As the primary season continues, MTR decided to ask the question: To what extent does transportation factor into the political discourse of the U.S. presidential candidates? Though it’s unlikely that transportation and land use issues will end up determining the election, nearly all of the candidates list climate change or energy independence as key planks in their platforms (the main exception being Ron Paul, who told City Hall News that he had never used the NYC or Washington, D.C. subways because subsidized transit violated his libertarian principles; does he drive on [subsidized] highways?).
To date, only the three main Democratic candidates (Hillary Clinton, John Edwards, and Barack Obama) address the link between mass transit and smart growth on one hand and reduced automobile use and oil dependence on the other.
Hillary Clinton wants to increase federal funding for public transit by $1.5 billion per year. She mentions principles inherent in a smart growth approach to land use as she vows to encourage a shift away from commercial developments towards urban centers that balance residential, commercial, and transportation needs. She correctly points out that this will help discourage sprawl and fight congestion while also increasing mobility options for the elderly. She wants to invest an additional $1 billion in intercity passenger rail systems as this mode is a “critical component of the nation’s transportation system.”
John Edwards’ few sentences on transportation give a mere glimpse into his transportation priorities but he does reference smart growth and transit-oriented development and wants to create incentives to reduce vehicle-miles traveled in the US. He will “support more resources” to encourage greater mass transit use amongst workers and will encourage more affordable and environmentally sound transportation alternatives.
Barack Obama is the only candidate to connect transportation and economic access. He identifies lack of adequate public transportation as a barrier to low-income people seeking work and highlights the disproportionate share of income they spend on transportation. Like Clinton and Edwards, he wants to see increased transportation funding but he goes further by seeking to incentivize bike and pedestrian measures. He also wants to reform the tax code to equalize the commuter pre-tax benefits for parking and transit riding (currently, employees can use up to $220/month in pre-tax income for parking, but only $115/month for transit).
(Bill Richardson, who dropped out of the race last week, had called for increased transit funding, highlighted sprawl as a key cause of energy use, and said he would encourage local governments to build bike infrastructure using tax incentives.)
The rest of the candidates have little to say about transit or land use issues. Rudy Giuliani‘s “plan to move toward energy independence” says nothing about getting people out of their cars onto mass transit nor mentions anything about investment in public transportation – a disappointing plan from the former mayor of the most transit-dependent city in the US.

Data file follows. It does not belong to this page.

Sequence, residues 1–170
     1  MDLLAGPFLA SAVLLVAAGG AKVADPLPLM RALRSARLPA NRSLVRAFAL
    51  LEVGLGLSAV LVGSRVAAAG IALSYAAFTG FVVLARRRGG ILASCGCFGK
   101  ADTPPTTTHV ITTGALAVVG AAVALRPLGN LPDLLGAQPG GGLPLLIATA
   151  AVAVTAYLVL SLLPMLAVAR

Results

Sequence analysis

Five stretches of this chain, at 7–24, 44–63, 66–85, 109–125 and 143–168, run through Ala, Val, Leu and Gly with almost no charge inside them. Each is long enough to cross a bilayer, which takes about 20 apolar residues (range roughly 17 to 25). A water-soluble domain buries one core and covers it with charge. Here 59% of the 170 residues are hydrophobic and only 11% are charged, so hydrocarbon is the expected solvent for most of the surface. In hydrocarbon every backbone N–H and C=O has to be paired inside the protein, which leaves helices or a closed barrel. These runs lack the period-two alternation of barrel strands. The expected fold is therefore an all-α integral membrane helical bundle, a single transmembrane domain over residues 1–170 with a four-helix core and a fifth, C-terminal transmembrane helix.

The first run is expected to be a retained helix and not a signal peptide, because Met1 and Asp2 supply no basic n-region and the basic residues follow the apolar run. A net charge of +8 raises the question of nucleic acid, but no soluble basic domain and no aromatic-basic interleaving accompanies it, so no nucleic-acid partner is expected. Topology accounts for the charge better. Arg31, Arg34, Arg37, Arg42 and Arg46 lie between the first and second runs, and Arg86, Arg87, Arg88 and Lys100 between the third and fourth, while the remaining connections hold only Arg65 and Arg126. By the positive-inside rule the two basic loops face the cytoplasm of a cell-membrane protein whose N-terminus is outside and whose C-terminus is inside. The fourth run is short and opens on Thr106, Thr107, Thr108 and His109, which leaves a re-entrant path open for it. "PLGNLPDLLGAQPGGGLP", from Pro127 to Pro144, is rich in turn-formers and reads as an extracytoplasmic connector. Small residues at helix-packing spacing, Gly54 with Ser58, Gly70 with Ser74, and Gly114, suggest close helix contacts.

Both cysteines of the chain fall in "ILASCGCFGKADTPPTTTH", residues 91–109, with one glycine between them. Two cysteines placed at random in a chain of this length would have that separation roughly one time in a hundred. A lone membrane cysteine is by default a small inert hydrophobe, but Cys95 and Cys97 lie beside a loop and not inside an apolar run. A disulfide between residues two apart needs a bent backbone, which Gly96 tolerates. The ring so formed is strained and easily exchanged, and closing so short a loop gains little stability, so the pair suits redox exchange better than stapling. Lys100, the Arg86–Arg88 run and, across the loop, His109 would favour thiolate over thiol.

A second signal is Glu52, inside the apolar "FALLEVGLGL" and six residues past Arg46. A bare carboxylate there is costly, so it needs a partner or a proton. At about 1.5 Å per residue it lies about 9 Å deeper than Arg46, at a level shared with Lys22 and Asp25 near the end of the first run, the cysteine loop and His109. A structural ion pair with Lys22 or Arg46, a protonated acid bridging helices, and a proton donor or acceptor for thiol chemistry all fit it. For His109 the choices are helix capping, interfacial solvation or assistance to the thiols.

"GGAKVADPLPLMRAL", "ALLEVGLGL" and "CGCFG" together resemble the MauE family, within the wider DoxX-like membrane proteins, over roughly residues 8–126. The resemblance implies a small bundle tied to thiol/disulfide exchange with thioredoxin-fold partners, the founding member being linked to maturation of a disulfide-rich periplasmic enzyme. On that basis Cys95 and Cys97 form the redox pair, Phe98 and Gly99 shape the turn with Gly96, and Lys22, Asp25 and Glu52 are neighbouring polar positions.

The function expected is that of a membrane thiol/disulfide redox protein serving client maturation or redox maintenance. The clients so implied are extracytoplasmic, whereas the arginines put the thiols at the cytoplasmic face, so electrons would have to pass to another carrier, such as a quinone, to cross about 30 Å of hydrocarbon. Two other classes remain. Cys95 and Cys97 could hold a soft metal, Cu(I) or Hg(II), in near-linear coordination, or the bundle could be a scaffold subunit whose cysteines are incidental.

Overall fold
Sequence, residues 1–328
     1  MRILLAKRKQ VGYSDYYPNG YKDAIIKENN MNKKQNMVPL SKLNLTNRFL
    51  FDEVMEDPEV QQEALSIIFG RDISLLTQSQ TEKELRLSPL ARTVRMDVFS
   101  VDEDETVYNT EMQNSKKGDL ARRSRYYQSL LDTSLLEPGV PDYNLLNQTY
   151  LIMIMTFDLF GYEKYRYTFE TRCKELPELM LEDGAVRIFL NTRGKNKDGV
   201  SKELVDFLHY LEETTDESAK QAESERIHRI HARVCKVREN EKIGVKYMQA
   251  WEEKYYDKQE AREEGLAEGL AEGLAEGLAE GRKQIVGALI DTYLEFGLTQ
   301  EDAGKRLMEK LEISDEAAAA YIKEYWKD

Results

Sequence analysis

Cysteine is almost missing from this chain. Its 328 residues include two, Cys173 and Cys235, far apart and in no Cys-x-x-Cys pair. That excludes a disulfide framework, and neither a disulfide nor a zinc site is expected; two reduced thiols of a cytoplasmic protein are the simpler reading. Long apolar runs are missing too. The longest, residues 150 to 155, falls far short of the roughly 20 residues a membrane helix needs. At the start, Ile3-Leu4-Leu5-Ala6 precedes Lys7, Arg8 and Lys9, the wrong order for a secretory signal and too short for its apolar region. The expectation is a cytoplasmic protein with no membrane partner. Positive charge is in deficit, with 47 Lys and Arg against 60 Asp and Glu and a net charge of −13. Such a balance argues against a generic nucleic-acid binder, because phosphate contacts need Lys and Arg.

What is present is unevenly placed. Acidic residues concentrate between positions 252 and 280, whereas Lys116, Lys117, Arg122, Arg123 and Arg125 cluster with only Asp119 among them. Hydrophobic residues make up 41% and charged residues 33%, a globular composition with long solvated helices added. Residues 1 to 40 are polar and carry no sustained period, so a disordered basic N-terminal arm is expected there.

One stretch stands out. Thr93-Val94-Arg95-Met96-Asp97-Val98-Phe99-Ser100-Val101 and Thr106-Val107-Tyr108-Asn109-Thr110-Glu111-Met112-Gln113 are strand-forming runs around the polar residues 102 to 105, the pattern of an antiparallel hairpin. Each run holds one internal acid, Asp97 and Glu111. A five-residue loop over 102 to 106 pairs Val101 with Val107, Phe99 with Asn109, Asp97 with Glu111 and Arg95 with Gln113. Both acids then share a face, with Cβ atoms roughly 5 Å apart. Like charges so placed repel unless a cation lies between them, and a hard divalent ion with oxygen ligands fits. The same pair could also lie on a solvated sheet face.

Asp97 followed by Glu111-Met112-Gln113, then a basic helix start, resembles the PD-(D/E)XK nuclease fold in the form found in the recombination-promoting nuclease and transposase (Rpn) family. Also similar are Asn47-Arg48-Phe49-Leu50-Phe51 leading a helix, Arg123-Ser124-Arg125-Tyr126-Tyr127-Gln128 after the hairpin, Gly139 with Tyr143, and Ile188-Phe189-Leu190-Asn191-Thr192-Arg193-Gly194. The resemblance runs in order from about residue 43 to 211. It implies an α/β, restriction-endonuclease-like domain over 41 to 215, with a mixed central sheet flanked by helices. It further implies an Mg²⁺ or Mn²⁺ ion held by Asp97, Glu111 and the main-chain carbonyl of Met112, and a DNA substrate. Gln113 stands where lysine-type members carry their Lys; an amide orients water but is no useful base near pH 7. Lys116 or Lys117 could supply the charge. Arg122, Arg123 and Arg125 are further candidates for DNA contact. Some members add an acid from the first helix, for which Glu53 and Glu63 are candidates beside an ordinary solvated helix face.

Mike Gravel would be better off calling for something more realistic than an extensive national network of magnetically levitating trains, but at least he is thinking of public transportation.
Dennis Kucinich has called for increased funding for mass transit, but his environmental platform largely focuses on other issues. Mike Huckabee‘s “comprehensive energy independence plan” has no details, though he plans to achieve this independence by the end of his second term in office. Mitt Romney is also mum on transportation issues, but believes we can reduce our energy dependence by opening up the Alaska National Wildlife Refuge for oil exploration and increasing off-shore drilling. Unlike the other Republicans, John McCain identifies climate change as a key issue, but says nothing about transportation. Fred Thompson, on the other hand, is still not convinced by global warming, saying “While we don’t know for certain how or why climate change is occurring, it makes sense to take reasonable steps to reduce CO2 emissions without harming our economy.” (Those steps say nothing about investing in public transportation.)
As measured by the presidential campaigns, transportation policy on the national level is still dominated by debates over CAFE standards and investing in alternative fuels. But as more Americans move to cities and traffic congestion continues to worsen, national politicians must recognize that auto-dependent development is as big an issue – if not bigger – than old automobile technology. Notably, Democratic frontrunners Sens. Clinton (D-NY) and Obama (D-IL), who have comparatively extensive transportation plans, represent states with major urban centers and transportation infrastructure. New York City and Chicago have the largest and second-largest transit systems of all U.S. cities, and both metropolitan areas have significant commuter rail and bus networks. (Both city transit systems are also facing major funding crises.)
Locally, representatives from the Clinton, Giuliani, and Obama campaigns have confirmed their attendance at an “Presidential Candidates’ Forum on Infrastructure and Transportation” hosted by the NYU Rudin Center on Jan. 31.